TV Connect provides trends in Europe, Latin America, and Asia

by Brett Sappington | Mar. 25, 2013

TV Connect provides a great opportunity to catch up on trends in Europe, Latin America, and Asia. Every market really looks to the US to see what tech is coming next and then assesses the impact and likely timeline for that tech to hit their market. A few of the interesting takeaways include the following:

  • Piracy is just killing TV services, VoD and legitimate OTT services in developing markets. Operators are desperate to find something to provide differentiation and cause consumers to pay something -- anything -- for content.
  • While 95% of the content/channels in the US and Canada are the same, that fact doesn't hold in other markets. In many, pay-TV operators have different sets of channels as part of their service. Different markets have differing regulations about content exclusivity, and not all operators can afford to license the same content as part of their service offering.
  • While 4k/Ultra HD is more likely to be commercially successful that 3D, several challenges remain to adoption, including consumer appreciation of the difference between HD and 4k on 40" to 50" screens. If the difference is only noticeable on screens of 60+", how many consumers will actually use it?
  • The portion of the HEVC standard that covers encoding and decoding of video between the operators and consumer devices is essentially finalized. Semiconductor companies are creating silicon now for HEVC. Mobile carriers will likely begin to deploy equipment and phones that support HEVC by the end of the year. Fixed-line HEVC will start to become a reality in late 2014 or 2015. This move is to compress video and save bandwidth space / spectrum, and is not necessarily related to the growth of 4k video. HEVC will happen whether 4k is successful or not.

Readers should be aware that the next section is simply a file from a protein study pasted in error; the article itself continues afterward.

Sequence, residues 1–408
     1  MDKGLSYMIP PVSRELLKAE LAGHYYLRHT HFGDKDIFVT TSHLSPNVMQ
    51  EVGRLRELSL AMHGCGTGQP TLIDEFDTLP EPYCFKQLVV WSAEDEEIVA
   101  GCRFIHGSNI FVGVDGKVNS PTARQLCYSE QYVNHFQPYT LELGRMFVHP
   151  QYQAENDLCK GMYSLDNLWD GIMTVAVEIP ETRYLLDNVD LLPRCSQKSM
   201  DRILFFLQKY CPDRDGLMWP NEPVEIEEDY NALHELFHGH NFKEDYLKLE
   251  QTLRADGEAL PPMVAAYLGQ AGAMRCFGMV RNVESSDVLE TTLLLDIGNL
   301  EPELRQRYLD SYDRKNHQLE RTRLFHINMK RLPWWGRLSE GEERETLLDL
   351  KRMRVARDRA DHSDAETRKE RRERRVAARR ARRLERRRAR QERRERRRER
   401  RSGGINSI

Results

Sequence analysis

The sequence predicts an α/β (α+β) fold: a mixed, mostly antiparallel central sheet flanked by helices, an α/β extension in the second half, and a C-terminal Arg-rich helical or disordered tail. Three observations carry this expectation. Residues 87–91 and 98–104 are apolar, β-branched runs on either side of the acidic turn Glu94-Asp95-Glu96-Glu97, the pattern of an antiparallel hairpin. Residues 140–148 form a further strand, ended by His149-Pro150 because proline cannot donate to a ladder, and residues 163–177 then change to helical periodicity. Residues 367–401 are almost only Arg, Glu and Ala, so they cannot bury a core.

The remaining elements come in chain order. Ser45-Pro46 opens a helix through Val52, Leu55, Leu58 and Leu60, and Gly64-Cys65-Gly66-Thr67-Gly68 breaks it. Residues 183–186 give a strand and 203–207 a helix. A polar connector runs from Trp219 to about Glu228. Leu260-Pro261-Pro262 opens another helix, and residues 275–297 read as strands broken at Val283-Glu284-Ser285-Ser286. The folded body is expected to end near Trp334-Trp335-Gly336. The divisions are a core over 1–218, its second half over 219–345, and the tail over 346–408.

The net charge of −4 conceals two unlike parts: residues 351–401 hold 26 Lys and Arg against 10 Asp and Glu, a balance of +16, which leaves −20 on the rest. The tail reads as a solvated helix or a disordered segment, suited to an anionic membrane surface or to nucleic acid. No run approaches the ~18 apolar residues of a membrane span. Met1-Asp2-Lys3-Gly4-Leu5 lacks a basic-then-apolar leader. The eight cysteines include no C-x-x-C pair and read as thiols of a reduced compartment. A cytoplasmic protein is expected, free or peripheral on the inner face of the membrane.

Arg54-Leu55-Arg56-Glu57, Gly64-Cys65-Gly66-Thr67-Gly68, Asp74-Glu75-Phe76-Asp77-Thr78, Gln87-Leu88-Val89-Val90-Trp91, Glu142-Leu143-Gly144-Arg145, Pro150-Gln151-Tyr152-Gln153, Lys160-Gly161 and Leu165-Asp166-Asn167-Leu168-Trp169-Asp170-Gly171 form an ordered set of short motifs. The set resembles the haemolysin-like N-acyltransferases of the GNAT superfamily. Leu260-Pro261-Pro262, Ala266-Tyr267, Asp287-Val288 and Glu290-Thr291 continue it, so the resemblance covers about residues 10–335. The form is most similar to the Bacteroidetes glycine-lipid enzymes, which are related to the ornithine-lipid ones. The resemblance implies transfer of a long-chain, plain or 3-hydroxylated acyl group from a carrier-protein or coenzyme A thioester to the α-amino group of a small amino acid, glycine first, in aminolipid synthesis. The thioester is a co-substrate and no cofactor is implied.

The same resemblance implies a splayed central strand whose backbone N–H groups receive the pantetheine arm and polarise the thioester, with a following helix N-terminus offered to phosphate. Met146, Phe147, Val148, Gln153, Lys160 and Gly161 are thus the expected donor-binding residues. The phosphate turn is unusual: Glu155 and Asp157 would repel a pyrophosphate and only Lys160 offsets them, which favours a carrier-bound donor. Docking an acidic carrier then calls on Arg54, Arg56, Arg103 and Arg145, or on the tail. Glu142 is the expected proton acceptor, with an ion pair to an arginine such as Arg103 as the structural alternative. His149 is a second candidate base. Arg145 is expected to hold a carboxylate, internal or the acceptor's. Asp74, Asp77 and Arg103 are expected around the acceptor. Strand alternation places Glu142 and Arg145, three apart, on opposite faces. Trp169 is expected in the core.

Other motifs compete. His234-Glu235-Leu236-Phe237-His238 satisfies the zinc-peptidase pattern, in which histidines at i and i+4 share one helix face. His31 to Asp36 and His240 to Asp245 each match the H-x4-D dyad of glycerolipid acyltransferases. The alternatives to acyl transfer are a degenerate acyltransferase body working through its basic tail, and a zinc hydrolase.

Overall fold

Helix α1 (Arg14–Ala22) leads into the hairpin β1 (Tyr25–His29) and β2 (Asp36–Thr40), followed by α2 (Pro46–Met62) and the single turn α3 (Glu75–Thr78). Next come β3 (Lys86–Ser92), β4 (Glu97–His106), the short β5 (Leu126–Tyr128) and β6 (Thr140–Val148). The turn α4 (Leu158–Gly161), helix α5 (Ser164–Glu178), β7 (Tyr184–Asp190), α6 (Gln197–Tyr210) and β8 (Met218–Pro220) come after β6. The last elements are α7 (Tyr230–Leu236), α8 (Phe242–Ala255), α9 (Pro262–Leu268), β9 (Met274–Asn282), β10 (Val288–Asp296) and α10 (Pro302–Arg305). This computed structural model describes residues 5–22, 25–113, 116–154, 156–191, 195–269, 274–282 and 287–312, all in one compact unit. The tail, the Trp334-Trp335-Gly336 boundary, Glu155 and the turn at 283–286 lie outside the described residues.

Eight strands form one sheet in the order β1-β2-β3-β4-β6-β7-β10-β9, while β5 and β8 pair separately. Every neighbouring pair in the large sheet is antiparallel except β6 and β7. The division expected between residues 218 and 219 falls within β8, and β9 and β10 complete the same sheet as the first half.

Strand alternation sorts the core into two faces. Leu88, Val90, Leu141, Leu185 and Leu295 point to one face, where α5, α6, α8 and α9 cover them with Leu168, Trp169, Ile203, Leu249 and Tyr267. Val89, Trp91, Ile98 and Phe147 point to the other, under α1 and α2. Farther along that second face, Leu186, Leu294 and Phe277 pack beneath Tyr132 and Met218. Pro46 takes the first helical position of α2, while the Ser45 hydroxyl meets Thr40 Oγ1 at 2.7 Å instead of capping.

• By and large, IPTV players and satellite operators are the big innovators. In many markets, cable operators tend to be waaaaaay behind in the innovation curve.
  • In some markets, operators are seriously considering the option of giving away linear TV as a value add in order to get people to subscribe to SVOD.
  • In Hungary, an "aggression-free" SVOD service has become a very popular service among parents with small kids who want to use it as a cheap nanny/distraction for their kids.
  • Several speakers, panels, and vendors touched upon the UI and the user experience - ranging from recommendations to leveraging the second screen.
  • Some operators and content companies are starting to preach the values of "curated experiences" - stating that too much choice without a way to manage the choice is not helpful to the consumer.
  • Daniel Danker from the BBC made one of the best statements of the week, stating that "everyone is looking to the next thing and the next thing and the next thing in video and multiscreen, but we haven't actually declared victory over the things that we are doing now." (paraphrased)
  • 70% of an operator's CPE costs are tied to the STB. Yes, 70%.
  • Some operators speculated that it may not be such a bad business to simply be the "dumb pipe" and to focus on efficiency of delivery and reducing the cost in the network. You would never have heard that comment as little as three years ago.


Next: CEO of TIM Fiber, Brazil: “Operators should play a key role in offering end-to-end cloud solutions to the business market”
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